by B.B. Pelletier
Today, guest blogger Pete Zimmerman continues his report on the C-20 pistol, as he shows us the technical side of his target gun.
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by Pete Zimmerman
The C-20 is a good sized gun. By catalog specs, it’s 16.5 inches (419.1mm) long, and weighs in at 2.5 lbs. (1150 grams). The grip looks much like a Morini competition grip, but old FWB parts lists say that it is not (at least not technically) from the Morini factory.
The palm shelf is held by two small Allen-head screws and is readily adjustable. Unfortunately, it’s not easily fixed precisely in place unless you have three hands — one to grip the pistol, one to hold the palm shelf in place against the gripping hand and a third to wield the wrench to tighten the Allen screws. (Thomas Rink’s custom grips have a patented palm shelf that can be adjusted with only one hand!)
Apparently, the C-20 was the first FWB pistol in which the angle of the grip is also adjustable. The two Allen screws that hold the grip together can be loosened to permit the grip angle to be changed through about a 10-deg. arc. This is a major improvement; without it my scores would suffer!
The inside of the C-20’s grip. Allen bolts through the two slots let the grip rotate approximately 10 deg. forward and backward to help the shooter get to a good rake angle. It’s crude, but it works.
The loading system is extremely easy. The shooter pulls up the charging cover until it reaches full stop. The breech is now open, the bolt retracted, the gas system charged and the trigger cocked. Between breech and bolt is a small channel — pellet-sized. The shooter simply puts a pellet in the channel and closes the cover. The bolt moves forward, and a small o-ring seals it in the breech. The gun is ready to fire. Remember…competition arms have no safety, so the weapon is live! There’s one other problem. You cannot see the pellet once it enters the breech, so it’s too easy to lose focus, load a second pellet, and then shoot both. This is not a good idea. I know from experience.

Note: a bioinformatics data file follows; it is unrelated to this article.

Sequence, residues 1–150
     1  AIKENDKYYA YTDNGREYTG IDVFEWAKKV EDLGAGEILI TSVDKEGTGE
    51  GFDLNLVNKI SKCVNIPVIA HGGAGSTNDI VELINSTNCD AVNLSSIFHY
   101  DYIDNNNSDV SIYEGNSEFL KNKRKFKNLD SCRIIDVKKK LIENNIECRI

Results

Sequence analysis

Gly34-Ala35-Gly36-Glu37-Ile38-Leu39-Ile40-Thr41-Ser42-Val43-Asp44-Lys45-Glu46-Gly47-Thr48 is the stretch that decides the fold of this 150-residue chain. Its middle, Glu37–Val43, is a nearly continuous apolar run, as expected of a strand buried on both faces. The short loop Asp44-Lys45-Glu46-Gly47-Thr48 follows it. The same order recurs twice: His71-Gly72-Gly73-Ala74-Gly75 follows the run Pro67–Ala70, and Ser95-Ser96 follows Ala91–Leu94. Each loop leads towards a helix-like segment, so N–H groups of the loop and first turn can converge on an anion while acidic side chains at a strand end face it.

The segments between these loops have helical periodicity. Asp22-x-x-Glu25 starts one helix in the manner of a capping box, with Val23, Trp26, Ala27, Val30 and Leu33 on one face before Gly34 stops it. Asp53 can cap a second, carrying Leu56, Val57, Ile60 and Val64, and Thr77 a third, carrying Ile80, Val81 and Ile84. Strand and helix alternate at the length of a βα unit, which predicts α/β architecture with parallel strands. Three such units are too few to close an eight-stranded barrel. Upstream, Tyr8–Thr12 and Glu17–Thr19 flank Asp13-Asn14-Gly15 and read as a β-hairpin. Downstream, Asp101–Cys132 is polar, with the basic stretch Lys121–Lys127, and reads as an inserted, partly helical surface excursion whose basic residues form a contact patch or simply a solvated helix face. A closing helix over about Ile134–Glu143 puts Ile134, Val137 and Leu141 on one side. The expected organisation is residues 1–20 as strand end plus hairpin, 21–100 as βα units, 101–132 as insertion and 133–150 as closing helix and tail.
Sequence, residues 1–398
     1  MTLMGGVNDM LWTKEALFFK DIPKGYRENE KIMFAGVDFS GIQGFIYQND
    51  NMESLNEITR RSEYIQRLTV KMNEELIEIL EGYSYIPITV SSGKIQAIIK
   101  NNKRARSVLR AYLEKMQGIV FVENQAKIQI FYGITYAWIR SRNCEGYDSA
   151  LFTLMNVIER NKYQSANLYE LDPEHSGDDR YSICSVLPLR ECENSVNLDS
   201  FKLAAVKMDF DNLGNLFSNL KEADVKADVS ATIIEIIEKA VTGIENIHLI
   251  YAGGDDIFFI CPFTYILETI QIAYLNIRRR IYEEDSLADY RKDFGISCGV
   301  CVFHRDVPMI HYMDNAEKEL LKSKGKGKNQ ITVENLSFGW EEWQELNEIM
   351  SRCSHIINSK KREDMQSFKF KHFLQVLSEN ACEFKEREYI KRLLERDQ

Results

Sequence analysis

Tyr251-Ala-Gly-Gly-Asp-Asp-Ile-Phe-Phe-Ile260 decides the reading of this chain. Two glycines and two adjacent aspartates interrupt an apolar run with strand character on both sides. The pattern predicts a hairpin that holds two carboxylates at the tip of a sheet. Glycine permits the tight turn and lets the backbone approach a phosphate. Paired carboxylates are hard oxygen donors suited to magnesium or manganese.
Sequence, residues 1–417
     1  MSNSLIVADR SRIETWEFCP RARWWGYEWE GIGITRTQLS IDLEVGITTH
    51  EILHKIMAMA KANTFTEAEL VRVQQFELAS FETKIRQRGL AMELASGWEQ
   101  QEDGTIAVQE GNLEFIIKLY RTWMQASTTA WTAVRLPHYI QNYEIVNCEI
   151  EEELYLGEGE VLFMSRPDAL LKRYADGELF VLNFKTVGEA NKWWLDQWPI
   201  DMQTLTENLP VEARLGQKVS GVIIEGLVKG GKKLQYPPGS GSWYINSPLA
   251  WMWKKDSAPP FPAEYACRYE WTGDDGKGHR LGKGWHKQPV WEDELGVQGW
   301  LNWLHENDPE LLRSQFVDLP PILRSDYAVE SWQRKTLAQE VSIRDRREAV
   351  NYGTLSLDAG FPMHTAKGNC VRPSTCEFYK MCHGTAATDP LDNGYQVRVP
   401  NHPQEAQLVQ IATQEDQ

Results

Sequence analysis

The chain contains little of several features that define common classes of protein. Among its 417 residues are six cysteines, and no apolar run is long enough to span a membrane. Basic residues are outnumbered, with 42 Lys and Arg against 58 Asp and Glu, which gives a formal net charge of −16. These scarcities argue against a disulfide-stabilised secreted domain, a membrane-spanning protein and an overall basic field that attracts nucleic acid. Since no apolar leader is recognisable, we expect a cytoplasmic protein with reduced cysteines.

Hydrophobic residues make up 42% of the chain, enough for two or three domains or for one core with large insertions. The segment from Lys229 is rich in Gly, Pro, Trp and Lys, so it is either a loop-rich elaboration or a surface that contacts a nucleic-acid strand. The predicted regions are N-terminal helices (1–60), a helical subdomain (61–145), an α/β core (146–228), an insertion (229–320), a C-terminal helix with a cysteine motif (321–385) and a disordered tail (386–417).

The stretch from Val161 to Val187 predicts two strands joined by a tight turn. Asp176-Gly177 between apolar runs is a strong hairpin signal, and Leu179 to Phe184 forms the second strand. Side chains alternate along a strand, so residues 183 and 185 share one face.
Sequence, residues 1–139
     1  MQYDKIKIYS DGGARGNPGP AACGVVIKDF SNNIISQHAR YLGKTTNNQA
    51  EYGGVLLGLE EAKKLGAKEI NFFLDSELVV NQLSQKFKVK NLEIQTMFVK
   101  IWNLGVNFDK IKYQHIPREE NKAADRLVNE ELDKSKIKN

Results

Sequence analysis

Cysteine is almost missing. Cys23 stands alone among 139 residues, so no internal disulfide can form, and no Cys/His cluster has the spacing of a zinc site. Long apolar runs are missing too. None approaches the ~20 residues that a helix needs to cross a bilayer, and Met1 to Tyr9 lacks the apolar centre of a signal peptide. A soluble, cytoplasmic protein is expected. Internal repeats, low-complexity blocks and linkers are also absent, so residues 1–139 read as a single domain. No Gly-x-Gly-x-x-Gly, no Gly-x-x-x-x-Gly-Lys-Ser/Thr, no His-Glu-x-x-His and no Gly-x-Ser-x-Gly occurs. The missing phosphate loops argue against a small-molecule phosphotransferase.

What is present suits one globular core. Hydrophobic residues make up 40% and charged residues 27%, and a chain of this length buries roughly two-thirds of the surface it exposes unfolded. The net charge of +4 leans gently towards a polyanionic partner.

We’re looking at a pellet in the loading tray with the bolt behind it; the charging gate is open. The black o-ring on the bolt is the only seal that’s failed in the 16 or 17 years I’ve owned the gun. They’re not cheap but are readily available in the US. I got mine from Pilkington Competition.
Dry-firing is extremely easy to set up. After opening the breech and charging the system, simply push on the tab extending out from the left side of the action. The trigger can be pulled completely as if you were shooting a live round, but all that happens is a click when the sear disengages. To return to live fire, open the breech, cock the gun, push the tab in the other direction and close the breech. You can shift from live to dry firing while there’s a pellet in the bore!
The rear sight is fully adjustable for windage and elevation with click stops marked in the conventional European way. To move a shot that lands right of the target, turn the windage knob toward R (right or rechts). The rule of thumb is to turn the knob “into” the error. “Up” and “down” are marked as “H” and “T” for hoch and tief in German. The width of the notch on the rear sight is adjusted by putting a small Allen wrench through a whole in a shaft and then turning it until the desired size is reached. I haven’t been able to check how much backlash there is in the crucial micrometer screws, but I think it’s about one click.